“Every time a bell rings, an angel gets its wings.”
That classic line, delivered by Zuzu Bailey at the close of the holiday film “It’s a Wonderful Life,” is so well known it has been uttered even by those who have never seen the film. The movie is one of a series of iconic flicks selected to be part of YES Cinema’s Classic Film and Dinner series.
Each month through January, you can have dinner at Bistro 310, then head across the street to YES Cinema for a screening of a classic film. Tickets cost $35 per person. As with other programming at YES Cinema, proceeds will benefit the Lincoln-Central Neighborhood Family Center, which operates YES.
The series kicked off last weekend with Alfred Hitchcock’s “Rear Window.” “Breakfast at Tiffany’s,” “It’s A Wonderful Life” and “The African Queen” will be shown in November, December and January, respectively.
Pick up your tickets
Tickets cost $35 per person, per showing, and include dinner from a preselected menu at Bistro 310.
Tickets for the movie only cost $5.
All movies begin at 8 p.m. Saturdays. An encore showing of each film is scheduled at 3 p.m. the following Sunday; tickets cost $5.
Dinner tickets can be purchased at Bistro 310, 310 Fourth St.
“These classics are a common language that we all share,” said YES general manager Ron Adams, a film buff who was instrumental in selecting and securing films for the series.
Each movie will be introduced by a family center volunteer, who will be equipped with movie trivia and facts. Columbus’ Nancy Andrews will introduce both “Breakfast at Tiffany’s” and “It’s A Wonderful Life.”
She said that even those who are familiar with the films have something to gain from seeing them on the big screen, as they were meant to be seen. Take “Breakfast at Tiffany’s,” for example. In this classic movie, the setting — New York City — is practically a character in itself.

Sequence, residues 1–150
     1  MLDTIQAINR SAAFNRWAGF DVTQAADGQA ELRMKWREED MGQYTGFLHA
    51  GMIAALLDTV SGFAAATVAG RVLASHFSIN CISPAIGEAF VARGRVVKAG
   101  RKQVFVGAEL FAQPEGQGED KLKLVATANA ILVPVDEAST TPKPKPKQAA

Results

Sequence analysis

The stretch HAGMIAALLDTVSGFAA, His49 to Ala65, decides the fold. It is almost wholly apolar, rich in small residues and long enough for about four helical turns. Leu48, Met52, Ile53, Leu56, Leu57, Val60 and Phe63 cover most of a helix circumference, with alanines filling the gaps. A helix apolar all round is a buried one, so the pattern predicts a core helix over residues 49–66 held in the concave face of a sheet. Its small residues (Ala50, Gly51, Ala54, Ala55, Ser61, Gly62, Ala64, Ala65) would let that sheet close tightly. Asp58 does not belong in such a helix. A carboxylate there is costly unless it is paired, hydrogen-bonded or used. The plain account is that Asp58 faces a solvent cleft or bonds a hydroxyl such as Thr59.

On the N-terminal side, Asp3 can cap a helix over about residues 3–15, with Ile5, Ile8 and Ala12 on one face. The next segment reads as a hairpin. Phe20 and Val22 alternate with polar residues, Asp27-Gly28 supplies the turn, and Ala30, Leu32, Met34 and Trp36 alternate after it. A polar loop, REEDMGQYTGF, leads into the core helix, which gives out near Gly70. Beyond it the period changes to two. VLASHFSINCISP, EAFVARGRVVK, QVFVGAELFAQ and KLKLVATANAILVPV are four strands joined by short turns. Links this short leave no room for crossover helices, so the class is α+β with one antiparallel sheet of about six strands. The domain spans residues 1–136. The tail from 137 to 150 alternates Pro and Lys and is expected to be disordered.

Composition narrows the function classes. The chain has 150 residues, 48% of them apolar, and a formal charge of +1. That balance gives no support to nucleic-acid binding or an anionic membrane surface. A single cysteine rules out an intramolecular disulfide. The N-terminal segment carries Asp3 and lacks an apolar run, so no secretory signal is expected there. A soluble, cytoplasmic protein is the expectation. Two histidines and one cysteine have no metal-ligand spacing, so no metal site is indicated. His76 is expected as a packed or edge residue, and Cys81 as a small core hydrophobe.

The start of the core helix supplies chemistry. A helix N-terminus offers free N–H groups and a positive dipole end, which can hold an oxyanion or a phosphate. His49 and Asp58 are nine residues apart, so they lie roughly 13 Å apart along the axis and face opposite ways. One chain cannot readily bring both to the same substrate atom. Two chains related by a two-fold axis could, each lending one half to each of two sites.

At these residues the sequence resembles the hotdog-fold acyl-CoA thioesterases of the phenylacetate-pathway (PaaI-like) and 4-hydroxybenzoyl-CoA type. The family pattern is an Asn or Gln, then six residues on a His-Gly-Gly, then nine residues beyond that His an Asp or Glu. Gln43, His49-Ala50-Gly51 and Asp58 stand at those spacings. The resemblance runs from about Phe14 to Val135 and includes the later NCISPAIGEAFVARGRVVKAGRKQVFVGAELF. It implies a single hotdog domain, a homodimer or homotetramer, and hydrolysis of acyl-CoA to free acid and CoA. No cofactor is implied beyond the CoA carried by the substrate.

“Everyone knows New York City,” Andrews said. “But when you see the film big, you really get the enormity of the city and how it affected the lives of the characters.”
The same goes for the dramatic bridge scene in “It’s A Wonderful Life,” when George Bailey contemplates ending it all by throwing himself into the icy river below. Andrews said that the big-screen viewing will make the moment feel that much more perilous.
“The big screen just makes everything more special,” Andrews said.
Liz Bohall, general manager at Bistro 310, said she will develop a different menu each month that will reference the film.
“I have seen the films before, but the research on this has been really fun,” Bohall said.
For the series’ first installment, she planned a dinner of lobster thermidore, served with sautéed vegetables in white wine cream sauce and champagne — the same dinner “Rear Window’s” heroine, Lisa, brings home to her boyfriend, Jeff, in the film.
“I am so excited for ‘The African Queen,’” Bohall said. “But I have no idea what we’ll eat for that one.”
Even if some audience members saw these classic flicks on the big screen, Adams promises that new digital technology installed last summer means the films are free from dust, scratches and “jumping” sometimes seen with traditional 35 mm film.
In addition, seeing the film with an audience somehow enhances the viewing experience.
“People rarely laugh out loud when they see a funny movie at home,” Adams said. “But in the theater, people get more into what they are watching.”
Adams said that older movies sometimes have stronger plots and better developed characters than modern films because they didn’t rely on special effects, and he said that he hopes seeing the films this way awakens an interest in classic films among younger generations. If there is a strong enough interest, the series may continue.
“We know these are great films,” Adams said. “And there are so many more out there.”
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